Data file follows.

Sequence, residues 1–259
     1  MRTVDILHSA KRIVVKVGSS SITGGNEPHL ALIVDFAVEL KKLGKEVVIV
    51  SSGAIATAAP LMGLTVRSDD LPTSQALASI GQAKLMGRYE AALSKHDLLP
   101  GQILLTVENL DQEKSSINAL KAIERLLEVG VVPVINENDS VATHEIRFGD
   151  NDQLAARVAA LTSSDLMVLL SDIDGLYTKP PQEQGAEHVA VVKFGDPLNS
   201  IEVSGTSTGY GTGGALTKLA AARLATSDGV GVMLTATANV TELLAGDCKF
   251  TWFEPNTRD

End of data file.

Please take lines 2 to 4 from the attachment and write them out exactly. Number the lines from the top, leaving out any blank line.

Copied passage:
     1  MRTVDILHSA KRIVVKVGSS SITGGNEPHL ALIVDFAVEL KKLGKEVVIV
    51  SSGAIATAAP LMGLTVRSDD LPTSQALASI GQAKLMGRYE AALSKHDLLP
   101  GQILLTVENL DQEKSSINAL KAIERLLEVG VVPVINENDS VATHEIRFGD